- The Enterprise
- The Recorder
Gov. Martin O’Malley (D) and legislative leaders last week signed into law two of the most controversial bills passed during the last Maryland General Assembly session: a sweeping change to the state’s gun laws and an increase in the state’s gas tax.
O’Malley said the laws were the result of “the most productive [legislative] session in modern memory.” The crucial laws will reduce gun death rates and create tens of thousands of jobs, he said.
The new gun measure includes a fingerprinting and licensing requirement for handgun purchases, as well as a ban on certain semi-automatic rifles deemed to be “assault weapons” and high-capacity magazines. It is expected to face a legal challenge spearheaded by the National Rifle Association and already is the subject of a petition drive to put it before voters in 2014.
Sen. President Thomas V. Mike Miller Jr. (D-Calvert, Prince George’s) said the NRA’s decision to pursue a lawsuit rather than support the petition drive means that the organization is “forum-shopping” and hoping to find a “conservative, right-wing leaning judge” to intervene, rather than letting Maryland citizens decide.
“They know that if this bill went to the people, it would pass overwhelmingly,” Miller said. “It’s a bill that’s common sense.”
The NRA has kept quiet about the specifics of its legal challenge. The group’s “position and concerns will be made very clear when the lawsuit we will support is filed, after the bill goes into effect,” Jacqueline Otto, an NRA spokeswoman, wrote in an email Thursday. The law is set to take effect Oct. 1.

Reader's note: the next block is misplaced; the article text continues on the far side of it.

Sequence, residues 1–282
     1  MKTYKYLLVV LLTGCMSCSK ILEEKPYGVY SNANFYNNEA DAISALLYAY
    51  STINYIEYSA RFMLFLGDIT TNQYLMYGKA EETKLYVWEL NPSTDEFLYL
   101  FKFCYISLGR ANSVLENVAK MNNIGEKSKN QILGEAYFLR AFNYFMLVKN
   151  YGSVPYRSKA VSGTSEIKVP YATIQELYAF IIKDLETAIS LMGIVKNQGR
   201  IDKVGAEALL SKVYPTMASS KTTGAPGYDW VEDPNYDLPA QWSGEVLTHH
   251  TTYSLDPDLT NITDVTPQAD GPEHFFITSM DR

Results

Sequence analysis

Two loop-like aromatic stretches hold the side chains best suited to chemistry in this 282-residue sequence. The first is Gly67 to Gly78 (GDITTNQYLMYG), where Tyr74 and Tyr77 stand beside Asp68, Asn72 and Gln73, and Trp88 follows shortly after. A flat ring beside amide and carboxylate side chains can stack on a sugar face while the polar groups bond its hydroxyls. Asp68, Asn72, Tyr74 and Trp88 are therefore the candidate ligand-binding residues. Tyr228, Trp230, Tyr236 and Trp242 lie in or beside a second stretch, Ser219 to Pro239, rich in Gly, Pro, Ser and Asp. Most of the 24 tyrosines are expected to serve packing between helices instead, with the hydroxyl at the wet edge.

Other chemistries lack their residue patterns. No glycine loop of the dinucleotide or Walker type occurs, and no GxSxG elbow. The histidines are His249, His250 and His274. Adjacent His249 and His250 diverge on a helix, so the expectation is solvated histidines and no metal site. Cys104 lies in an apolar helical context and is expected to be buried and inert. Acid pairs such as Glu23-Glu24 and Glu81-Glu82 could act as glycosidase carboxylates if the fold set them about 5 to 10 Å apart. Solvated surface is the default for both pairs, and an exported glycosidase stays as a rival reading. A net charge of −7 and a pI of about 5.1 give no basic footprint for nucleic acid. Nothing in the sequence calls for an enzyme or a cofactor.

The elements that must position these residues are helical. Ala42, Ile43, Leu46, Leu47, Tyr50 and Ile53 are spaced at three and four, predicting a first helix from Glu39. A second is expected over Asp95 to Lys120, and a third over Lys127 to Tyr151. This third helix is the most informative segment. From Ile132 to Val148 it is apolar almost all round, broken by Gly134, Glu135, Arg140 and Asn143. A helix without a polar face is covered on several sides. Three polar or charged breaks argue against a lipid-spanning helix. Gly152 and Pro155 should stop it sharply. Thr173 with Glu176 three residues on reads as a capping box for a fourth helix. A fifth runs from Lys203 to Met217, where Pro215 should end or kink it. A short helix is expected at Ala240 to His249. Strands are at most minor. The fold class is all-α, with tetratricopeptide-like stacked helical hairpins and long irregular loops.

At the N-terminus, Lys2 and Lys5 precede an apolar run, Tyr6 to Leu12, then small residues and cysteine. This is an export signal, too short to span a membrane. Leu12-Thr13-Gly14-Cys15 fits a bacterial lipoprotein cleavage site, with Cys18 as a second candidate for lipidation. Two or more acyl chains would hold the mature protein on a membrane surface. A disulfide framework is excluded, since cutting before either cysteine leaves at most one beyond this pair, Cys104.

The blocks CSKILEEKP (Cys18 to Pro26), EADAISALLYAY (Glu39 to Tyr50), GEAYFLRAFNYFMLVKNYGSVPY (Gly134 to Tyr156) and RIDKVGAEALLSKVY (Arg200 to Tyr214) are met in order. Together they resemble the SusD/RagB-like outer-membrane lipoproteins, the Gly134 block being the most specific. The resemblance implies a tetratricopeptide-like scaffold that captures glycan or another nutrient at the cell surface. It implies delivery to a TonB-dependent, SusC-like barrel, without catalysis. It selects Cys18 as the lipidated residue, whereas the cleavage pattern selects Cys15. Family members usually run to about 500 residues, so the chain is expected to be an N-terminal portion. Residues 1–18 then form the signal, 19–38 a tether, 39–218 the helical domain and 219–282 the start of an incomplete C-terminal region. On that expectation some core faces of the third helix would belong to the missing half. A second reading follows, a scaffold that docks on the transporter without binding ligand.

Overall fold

MDPetitions.com, led by Del. Neil C. Parrott (R-Washington), backed three petition drives that brought laws such as the Maryland Dream Act and the legalization of same-sex marriage before voters in 2012. All three were affirmed at the ballot box. Parrott’s group has opted to support the lawsuit rather than another ballot measure.
Susan Payne, a Montgomery County woman, has started her own petition drive. Payne said she’s had a strong response from citizens, but her efforts are getting resistance from Republicans in the state.
Payne’s group, Free State Petitions, must submit 18,579 valid signatures to election officials by May 31, and a total of 55,736 valid signatures by June 31.
Payne said Thursday she had not yet counted the number of signatures the group has collected.
At the bill signing, O’Malley praised Montgomery County Executive Isiah Leggett (D) for his advocacy on the transportation-funding issue.
The new law indexes the state’s current 23.5-cent-per-gallon gas tax — which has not been increased since 1992 — to inflation, but limits increases to 8 percent per year.
A sales tax of up to 5 percent also is added to the wholesale price of gasoline, to be phased in over three years. If the federal Marketplace Fairness Act is adopted, the new sales tax would be limited to 3 percent.
Leggett said that additional revenue for transportation would support thousands of jobs in Montgomery County by enabling projects to move forward.
The new law is expected to generate about $800 million per year for Maryland transportation projects when fully implemented.
Critics, such as the conservative nonprofit group Americans for Prosperity Maryland, have decried the new law as an “outrageous tax hike.”
Darrell B. Mobley, the state’s acting transportation secretary, dismissed such criticism Thursday. “This is going to support 57,000 jobs over the next six years,” he said. “[We’ll] put many families back to work.”